Adult-use cannabis laws still subject to change


By Matt Clevenger

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TROY — It’s been over a month since changes to state marijuana laws approved by voters under Issue 2 took effect on Dec. 7, 2023, and local law enforcement agencies have received only minimal guidance from the state on several key areas of new adult-use cannabis laws.

“We’re figuring things out, between ourselves and the county prosecutor’s office,” Miami County Sheriff Dave Duchak said. “The roll-out could have been a lot better than it was.”

“Better preparations should have been made to anticipate that the ballot initiative would pass,” he said.

“Our law director has provided guidance,” Troy Police Chief Shawn McKinney said. “However, lawyers across the state have brought up concerns with the wording enacted, which was written by organizers of the state ballot initiative, not the state government.”

“If the state legislature does not address those issues, it will be up to the courts, which may take years to decide,” McKinney said.

So far, the only guidance issued by the state has been a three-page PDF distributed to law enforcement agencies by Ohio Attorney General Dave Yost and the Ohio Peace Officer Training Commission on Dec. 15, 2023.

“That is the only communication from the state we have received,” Duchak said.

According to the PDF guide, permitted forms of adult-use cannabis include plant material and seeds, live plants, clones, extracts, drops, lozenges, oils, tinctures, edibles, patches, smoking or combustible product, vaporization of product, beverages, pills, capsules, suppositories, oral pouches, oral strips, oral and topical sprays, salves, lotions or similar cosmetic products, and inhalers.

Adults 21 years of age and over are permitted to possess up to 2.5 ounces of plant material or 15 grams of adult-use cannabis extracts, and cultivate up to six plants in their primary residence. The cultivation/growing of adult use cannabis must take place within a secured closet, room, greenhouse, or other enclosed area in or on the grounds of the residence that prevents access by individuals under age 21, and which is not visible from a public space.

A maximum of 12 plants are permitted in any single residence where two or more individuals over 21 years of age reside. Individuals can also transfer up to six cannabis plants to an adult use consumer, but the transfer must be without compensation and cannot be advertised or promoted to the public.

Possession and use of adult-use cannabis paraphernalia is also permitted, according to the PDF guide.

Adult-use cannabis users are prohibited from operating a vehicle, motor vehicle, streetcar, trackless trolley, bike, watercraft, or aircraft while under the influence of cannabis, or smoking, vaporizing, or using cannabis products in any of those vehicles.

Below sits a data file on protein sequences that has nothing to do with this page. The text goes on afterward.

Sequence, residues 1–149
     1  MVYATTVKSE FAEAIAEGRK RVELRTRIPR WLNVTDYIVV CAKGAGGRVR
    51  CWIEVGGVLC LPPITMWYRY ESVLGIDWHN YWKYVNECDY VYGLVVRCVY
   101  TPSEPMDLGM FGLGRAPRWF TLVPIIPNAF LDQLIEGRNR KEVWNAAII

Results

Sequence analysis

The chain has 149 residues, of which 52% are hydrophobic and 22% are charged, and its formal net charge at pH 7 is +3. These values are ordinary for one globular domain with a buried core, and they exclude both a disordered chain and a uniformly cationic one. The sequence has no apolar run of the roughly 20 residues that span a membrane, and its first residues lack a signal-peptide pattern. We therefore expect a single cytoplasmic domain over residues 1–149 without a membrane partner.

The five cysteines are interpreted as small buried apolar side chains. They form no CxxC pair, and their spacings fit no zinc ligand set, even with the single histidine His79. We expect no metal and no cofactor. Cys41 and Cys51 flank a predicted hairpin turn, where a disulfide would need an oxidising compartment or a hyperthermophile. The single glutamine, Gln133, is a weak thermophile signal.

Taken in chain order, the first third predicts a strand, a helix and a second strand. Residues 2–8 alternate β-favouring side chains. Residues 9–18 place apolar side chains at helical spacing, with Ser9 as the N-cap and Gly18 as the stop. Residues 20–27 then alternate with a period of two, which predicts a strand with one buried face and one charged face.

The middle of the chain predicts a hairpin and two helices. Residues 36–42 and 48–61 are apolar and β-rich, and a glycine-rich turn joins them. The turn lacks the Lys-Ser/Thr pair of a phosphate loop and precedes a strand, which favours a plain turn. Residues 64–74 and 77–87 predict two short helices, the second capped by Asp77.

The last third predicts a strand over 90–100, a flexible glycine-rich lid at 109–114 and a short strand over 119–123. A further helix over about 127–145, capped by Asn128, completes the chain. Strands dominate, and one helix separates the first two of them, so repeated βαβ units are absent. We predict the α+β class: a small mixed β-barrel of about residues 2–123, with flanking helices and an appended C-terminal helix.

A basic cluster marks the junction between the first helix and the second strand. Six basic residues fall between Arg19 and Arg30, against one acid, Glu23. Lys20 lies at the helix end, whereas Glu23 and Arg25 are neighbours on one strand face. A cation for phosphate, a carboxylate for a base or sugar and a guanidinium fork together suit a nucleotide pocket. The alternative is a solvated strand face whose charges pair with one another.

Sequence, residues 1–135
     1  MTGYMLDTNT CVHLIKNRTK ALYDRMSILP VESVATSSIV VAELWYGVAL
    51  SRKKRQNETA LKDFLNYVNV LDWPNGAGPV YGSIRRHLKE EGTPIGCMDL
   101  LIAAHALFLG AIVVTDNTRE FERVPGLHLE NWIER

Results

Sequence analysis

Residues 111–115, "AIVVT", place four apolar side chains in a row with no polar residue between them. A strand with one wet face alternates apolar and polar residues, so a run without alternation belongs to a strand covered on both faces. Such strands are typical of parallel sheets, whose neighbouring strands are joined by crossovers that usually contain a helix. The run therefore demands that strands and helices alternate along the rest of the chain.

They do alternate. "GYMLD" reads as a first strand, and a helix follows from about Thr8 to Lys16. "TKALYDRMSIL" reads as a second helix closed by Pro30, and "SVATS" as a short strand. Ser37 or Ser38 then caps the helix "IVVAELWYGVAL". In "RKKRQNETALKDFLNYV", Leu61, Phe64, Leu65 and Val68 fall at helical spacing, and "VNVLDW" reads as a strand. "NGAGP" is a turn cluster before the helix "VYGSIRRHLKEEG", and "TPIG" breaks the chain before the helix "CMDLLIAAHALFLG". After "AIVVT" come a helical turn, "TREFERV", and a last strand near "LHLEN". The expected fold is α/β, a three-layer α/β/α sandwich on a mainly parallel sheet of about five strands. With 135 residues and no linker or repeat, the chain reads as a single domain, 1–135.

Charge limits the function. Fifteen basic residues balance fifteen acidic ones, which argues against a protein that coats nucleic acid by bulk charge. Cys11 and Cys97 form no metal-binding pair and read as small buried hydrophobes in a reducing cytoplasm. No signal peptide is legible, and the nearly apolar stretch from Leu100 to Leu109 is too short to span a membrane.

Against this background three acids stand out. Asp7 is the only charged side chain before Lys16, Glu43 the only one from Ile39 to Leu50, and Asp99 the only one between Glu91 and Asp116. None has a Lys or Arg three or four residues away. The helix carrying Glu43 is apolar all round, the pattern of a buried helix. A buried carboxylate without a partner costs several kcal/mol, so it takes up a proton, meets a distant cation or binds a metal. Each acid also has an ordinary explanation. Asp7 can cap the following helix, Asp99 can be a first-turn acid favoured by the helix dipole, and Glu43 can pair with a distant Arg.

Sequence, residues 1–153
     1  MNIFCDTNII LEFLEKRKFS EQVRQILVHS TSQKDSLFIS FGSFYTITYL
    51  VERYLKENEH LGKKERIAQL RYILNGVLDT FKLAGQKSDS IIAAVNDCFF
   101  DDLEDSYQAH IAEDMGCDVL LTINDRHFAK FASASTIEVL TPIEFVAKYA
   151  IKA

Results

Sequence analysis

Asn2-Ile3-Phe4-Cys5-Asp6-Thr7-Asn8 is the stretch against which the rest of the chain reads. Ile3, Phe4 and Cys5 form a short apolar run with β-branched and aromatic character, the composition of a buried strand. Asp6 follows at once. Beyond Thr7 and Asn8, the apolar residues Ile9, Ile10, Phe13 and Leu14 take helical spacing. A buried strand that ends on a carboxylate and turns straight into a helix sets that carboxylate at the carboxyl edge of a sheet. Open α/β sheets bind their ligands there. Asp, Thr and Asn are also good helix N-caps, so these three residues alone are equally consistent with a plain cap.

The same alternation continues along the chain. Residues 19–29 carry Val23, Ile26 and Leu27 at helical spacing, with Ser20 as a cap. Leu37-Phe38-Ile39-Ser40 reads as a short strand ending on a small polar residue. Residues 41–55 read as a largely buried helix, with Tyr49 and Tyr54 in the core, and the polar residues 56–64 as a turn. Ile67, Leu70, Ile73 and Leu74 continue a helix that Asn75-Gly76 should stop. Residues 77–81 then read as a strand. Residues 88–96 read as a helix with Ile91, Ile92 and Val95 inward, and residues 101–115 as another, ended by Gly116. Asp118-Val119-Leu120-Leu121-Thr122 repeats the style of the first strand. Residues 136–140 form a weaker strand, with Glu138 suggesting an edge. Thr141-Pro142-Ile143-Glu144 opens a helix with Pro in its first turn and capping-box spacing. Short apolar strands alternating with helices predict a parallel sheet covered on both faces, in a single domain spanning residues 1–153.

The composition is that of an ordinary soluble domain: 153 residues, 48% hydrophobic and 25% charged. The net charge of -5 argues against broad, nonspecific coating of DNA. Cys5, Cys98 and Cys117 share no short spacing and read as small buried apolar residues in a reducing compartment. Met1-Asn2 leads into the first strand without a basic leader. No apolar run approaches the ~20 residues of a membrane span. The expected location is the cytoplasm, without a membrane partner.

“OVI (operating a vehicle under the influence of alcohol or drugs) law still prohibits concentrations of marijuana in a person’s blood or urine above specified limits,” McKinney said.

Using adult-use cannabis in public spaces is not permitted, Duchak said.

“It is prohibited,” he said. “It is a minor misdemeanor violation.”

Marijuana remains illegal under federal law, and cannabis users are also prohibited from possessing or using firearms.

Additional changes to the new state laws are expected in the future, the PDF guide said.

“Because Issue 2 is an ‘initiated statute’ the General Assembly can amend it, which it might still do,” the guide said. “OPOTA continues to track any amendments that the General Assembly might make to these statutes, and will provide updates as necessary to address training needs for law enforcement.”

The Troy Police Department stopped issuing citations for marijuana possession and marijuana paraphernalia on Dec. 7, McKinney said.

“In the past month, the Troy Police Department has made three arrests for drug possession, as compared to 21 cases last year during the same time,” he said. “We have issued two citations for violations of the newly enacted laws, such as using adult use cannabis in public areas.”

Duchak said Miami County deputies have not issued any marijuana-related charges since Dec. 7.

“To date, I am not aware of any charges issued by deputies,” he said. “When the weather gets warmer, I anticipate we and the cities will field calls involving people smoking marijuana in public places.”

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